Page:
A notable feature of these volumes are the stories involving the Akan folklore trickster, Kweku Ananse, also known as the spider. He makes appearances in all the volumes, appearing sometimes as a hero – outwitting other animals in difficult situations, proffering his wisdom to aid his neighbours – but mostly as a malevolent villain who comes undone by his own tricks. In this vein, a scholar of African oral literature, Alphonse Kwawisi Tekpetey, in his paper, ‘Kweku Ananse: A Psychoanalytical Approach’, examines this character using Freudian theory:
Ananse is revealed as an incarnation of the id with little or frequently no intervention of the superego. He is lawless, asocial, and amoral. One systematically finds him engaged in activities directed at gratifying his instincts for pleasure without regard for social conventions, legal ethics, or moral restraints. Kweku Ananse’s literary function in the Akan oral educational system appears to be an attempt to expose the danger that he represents in society. Besides, the audience sympathizes vicariously with our hero, who renders, within the fixed bounds of what is permitted, an experience of what is inadmissible. Ananse narratives are cathartic, serving as tension-relieving aesthetic devices.
In ‘Kweku Ananse and his Farm’ (p 45), this trickster displays his exceptional self-centredness, skillfullness in lying and cunning. He has a wife and three children. During a harvest, his farm is a wonder to behold as everything yielded bountifully. But he does not want anyone to share in the harvest and eat the fruit of their labour – he despises his wife and children. He therefore feigns dying, and on his deathbed he makes a request that he should be buried in his farm with cooking utensils and that nobody should visit the farm for a certain period. But one of his sons – Ananse always has a nemesis – is suspicious of his father and sneaks into the farm only to discover traces of cooked food, so he makes an effigy and places it in the farm to trap the trespasser. Everybody is bewildered the next day at the culprit found stuck to the effigy.
Who Told the Most Incredible Story? by Opoku-Agyemang is a treasure trove of the African folkloric tradition and a must-read for all, not only scholars interested in African oral literature. The folk tales contained in the collection are artfully illustrated to aid the imagination of readers, just like Yoruba Folktales by Amos Tutuola. Many themes run through the collection which are well suited to answer some contemporary questions and the wisdom gleaned from it is also applicable to the nuances of life’s everyday riddles.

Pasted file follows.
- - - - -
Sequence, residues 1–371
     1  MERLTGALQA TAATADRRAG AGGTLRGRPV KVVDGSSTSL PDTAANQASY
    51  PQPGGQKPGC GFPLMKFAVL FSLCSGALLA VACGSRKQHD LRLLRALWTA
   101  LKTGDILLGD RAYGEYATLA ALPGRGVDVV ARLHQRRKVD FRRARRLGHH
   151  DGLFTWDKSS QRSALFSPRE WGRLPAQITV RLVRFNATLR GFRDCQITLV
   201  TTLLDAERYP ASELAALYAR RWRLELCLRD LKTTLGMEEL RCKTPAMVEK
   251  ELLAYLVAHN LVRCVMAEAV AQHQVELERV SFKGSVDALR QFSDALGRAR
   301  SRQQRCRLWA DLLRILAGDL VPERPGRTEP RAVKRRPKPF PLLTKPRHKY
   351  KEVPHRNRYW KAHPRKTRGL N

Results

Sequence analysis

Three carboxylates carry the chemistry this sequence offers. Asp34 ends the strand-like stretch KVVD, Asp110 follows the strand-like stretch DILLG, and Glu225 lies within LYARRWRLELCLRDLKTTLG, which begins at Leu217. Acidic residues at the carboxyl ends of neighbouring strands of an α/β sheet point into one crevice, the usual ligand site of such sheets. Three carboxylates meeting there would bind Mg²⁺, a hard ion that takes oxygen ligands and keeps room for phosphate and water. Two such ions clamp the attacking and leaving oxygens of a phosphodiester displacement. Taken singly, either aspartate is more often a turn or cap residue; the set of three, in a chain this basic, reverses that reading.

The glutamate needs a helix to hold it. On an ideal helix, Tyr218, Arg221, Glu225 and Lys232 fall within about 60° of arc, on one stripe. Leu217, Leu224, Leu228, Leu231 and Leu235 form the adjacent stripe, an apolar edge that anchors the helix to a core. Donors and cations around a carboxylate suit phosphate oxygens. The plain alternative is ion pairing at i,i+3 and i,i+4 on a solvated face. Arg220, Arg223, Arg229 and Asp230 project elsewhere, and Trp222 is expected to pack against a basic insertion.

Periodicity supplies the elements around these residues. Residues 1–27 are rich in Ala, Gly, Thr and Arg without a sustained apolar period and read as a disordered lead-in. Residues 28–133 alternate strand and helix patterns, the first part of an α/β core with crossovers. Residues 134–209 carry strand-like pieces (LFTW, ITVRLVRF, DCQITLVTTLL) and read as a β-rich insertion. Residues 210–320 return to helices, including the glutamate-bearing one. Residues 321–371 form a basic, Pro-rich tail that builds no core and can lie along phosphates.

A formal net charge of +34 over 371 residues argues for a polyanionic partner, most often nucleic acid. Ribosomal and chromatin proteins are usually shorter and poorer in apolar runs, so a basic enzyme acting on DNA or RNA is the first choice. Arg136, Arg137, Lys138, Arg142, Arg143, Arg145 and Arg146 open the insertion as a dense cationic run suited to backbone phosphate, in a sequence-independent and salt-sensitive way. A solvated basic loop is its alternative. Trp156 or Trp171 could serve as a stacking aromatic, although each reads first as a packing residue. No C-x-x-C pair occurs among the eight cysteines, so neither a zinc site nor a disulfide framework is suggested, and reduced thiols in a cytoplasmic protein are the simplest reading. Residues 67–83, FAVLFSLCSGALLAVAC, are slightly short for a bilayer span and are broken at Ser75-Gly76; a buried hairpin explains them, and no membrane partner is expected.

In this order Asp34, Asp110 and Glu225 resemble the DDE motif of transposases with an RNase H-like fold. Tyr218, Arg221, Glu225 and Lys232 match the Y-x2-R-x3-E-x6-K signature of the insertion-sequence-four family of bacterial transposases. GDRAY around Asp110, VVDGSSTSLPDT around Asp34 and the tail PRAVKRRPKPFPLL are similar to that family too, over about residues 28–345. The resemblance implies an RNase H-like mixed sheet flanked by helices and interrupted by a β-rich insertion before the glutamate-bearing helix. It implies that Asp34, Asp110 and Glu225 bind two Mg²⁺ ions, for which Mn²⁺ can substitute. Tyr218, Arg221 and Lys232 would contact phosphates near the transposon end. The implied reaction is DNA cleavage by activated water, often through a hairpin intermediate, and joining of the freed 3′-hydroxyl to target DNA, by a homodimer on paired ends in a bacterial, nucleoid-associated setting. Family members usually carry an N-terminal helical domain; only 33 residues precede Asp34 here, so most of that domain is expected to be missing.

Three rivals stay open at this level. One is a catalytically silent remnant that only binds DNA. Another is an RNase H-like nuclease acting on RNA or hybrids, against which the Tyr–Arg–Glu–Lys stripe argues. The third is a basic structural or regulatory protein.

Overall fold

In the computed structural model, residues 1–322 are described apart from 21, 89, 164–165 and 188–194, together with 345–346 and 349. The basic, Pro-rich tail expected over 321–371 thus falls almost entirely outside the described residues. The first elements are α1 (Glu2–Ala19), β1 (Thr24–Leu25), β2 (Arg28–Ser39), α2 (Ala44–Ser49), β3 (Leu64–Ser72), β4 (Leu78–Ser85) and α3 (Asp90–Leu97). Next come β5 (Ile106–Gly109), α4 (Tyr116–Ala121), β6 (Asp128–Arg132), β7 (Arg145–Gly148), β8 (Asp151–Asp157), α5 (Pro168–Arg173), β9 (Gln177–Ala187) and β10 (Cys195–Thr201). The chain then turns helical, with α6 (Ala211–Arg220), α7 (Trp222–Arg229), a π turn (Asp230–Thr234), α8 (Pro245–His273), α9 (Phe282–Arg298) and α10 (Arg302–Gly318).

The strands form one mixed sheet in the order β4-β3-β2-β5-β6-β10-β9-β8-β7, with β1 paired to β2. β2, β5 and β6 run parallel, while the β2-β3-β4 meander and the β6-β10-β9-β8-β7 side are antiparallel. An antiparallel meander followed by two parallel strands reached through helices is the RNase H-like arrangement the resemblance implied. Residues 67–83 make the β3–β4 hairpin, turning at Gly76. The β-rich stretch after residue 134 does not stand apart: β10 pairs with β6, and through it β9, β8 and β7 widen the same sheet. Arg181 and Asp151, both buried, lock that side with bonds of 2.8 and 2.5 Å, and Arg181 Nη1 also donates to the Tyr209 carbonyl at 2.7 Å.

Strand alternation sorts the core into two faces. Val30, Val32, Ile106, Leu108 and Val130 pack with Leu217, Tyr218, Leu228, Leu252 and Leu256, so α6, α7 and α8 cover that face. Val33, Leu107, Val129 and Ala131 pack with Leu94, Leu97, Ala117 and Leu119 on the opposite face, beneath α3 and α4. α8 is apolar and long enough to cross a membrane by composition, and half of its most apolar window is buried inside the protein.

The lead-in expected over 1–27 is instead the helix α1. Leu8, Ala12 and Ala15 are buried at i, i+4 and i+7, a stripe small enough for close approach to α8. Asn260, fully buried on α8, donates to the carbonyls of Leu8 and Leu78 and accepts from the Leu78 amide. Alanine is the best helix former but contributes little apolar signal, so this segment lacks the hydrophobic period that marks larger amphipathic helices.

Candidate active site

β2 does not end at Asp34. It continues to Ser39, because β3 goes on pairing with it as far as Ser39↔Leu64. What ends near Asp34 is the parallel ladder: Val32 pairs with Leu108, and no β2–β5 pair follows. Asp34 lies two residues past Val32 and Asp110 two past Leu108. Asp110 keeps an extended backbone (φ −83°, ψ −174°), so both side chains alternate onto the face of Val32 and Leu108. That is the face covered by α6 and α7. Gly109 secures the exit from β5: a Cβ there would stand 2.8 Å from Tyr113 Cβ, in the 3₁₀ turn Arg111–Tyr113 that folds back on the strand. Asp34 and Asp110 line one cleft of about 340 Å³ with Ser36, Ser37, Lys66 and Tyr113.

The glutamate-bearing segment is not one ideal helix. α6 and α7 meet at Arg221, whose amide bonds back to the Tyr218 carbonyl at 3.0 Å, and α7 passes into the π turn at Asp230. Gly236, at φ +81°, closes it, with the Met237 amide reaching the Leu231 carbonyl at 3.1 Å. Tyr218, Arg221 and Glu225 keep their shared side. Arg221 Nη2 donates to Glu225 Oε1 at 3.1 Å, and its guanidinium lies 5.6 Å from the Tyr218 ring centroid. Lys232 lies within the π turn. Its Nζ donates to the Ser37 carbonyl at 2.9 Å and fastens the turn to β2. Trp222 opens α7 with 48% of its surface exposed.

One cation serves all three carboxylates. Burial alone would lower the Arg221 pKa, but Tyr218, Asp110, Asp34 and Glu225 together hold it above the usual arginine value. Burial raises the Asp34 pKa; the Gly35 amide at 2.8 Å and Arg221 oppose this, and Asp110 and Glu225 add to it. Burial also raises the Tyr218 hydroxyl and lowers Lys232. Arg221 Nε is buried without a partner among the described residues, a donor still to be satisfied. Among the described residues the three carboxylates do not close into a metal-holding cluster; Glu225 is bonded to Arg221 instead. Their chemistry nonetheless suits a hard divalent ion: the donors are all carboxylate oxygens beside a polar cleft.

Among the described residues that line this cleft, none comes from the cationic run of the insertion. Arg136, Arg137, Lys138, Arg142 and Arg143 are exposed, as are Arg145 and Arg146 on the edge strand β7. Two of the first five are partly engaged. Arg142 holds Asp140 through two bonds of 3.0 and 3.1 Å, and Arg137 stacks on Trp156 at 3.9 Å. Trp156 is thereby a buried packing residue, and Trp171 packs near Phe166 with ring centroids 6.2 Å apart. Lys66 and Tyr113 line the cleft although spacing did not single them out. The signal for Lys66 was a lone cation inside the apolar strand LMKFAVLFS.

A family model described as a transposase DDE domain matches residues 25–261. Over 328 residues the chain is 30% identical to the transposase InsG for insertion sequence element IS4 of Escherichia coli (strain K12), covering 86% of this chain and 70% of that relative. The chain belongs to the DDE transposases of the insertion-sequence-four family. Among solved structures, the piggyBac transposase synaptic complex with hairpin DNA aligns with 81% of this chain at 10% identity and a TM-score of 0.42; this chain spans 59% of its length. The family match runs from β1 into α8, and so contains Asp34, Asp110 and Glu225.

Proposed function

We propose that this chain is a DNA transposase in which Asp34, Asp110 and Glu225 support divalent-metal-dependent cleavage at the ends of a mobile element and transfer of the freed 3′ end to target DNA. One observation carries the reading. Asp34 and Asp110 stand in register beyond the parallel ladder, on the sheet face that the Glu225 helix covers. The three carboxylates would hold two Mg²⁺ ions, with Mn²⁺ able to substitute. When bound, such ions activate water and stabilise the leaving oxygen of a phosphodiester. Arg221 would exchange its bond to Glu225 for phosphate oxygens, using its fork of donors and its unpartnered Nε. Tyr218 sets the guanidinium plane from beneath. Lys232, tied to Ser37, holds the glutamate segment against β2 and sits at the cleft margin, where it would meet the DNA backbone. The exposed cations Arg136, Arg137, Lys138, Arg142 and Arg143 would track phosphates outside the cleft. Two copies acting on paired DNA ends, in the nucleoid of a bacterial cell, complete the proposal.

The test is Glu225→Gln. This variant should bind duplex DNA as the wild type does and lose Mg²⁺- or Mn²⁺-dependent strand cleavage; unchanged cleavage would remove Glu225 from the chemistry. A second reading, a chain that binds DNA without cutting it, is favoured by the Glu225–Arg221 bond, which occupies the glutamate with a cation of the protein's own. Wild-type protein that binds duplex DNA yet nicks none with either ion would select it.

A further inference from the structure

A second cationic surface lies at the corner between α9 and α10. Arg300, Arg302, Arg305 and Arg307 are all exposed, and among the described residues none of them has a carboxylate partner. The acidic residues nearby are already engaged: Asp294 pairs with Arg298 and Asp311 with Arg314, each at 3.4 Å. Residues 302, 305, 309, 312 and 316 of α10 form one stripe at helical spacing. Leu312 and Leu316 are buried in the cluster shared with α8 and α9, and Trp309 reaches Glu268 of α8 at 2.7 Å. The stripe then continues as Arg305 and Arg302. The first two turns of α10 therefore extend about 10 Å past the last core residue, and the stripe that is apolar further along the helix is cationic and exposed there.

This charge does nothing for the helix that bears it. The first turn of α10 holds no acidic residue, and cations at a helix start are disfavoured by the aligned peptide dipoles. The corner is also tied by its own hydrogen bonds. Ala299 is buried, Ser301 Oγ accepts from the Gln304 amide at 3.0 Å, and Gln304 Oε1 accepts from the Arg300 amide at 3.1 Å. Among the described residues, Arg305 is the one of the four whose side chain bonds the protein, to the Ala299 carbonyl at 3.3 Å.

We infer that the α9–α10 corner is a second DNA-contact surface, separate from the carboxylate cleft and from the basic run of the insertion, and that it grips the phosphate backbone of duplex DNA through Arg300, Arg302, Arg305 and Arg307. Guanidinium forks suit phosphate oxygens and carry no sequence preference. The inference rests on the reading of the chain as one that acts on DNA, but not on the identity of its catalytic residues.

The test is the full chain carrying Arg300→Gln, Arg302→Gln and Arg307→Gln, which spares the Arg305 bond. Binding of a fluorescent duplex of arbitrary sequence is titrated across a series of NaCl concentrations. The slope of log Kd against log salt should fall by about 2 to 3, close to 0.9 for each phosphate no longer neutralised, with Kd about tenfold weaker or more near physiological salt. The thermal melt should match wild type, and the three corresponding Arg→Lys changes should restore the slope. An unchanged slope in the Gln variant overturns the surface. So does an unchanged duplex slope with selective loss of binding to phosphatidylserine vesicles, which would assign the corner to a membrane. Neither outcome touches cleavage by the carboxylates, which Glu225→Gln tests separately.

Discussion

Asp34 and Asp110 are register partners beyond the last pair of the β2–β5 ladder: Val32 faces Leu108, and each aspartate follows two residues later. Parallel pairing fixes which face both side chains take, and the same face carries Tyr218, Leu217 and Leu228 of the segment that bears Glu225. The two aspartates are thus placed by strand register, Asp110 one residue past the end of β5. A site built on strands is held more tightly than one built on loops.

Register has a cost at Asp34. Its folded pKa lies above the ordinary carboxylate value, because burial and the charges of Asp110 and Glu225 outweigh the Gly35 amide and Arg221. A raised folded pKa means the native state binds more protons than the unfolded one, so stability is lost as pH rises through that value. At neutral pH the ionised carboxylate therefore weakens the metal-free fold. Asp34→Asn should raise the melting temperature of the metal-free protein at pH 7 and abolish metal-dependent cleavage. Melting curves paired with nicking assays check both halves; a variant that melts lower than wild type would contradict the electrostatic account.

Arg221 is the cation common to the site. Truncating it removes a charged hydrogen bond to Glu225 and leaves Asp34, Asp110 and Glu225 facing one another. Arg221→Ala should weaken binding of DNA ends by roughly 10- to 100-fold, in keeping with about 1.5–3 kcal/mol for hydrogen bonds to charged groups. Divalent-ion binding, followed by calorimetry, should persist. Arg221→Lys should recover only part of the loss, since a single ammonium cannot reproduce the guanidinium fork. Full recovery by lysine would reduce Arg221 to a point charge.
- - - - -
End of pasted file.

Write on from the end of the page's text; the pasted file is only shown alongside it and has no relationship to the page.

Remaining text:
The collection is written in simple language that is accessible to all age groups. These tales were in oral form and handed down the generations in different West African languages. However, Opoku-Agyemang as scrivener, her dexterity in translation should be praised for two things. The first is that almost nothing is lost in the English translation. The liveliness and ambience of the oral performance is well preserved; it is as if one is listening to an oral artist tell the stories. The text draws the reader in as though it were written in their mother tongue. The second is the style. African folksongs and parable are carefully used as the embellishments.
The oral storytelling tradition is not as vibrant as it once was. This collection offers the possibility of preserving and transferring these stories for many more generations. African oral literature is being taught in some African universities and outside the continent. Its teaching in the primary and secondary schools across Africa should also be encouraged. That is where the minds of teenagers can be best be moulded and shielded against the amoral and aggressive norms of the contemporary period. In fact, at the introduction of Western education in Akanland, it was said that storytelling was included in the curriculum of the Akan and Guan primary schools of Ghana. Finally, because of the functionality of African oral literature, there is a need to repurpose it for usability across multiple media and for multiple audiences.
Photograph: ‘15.BabaC.Storytelling.Citified.46thSFF.WDC.5July2012’ by Elvert Barnes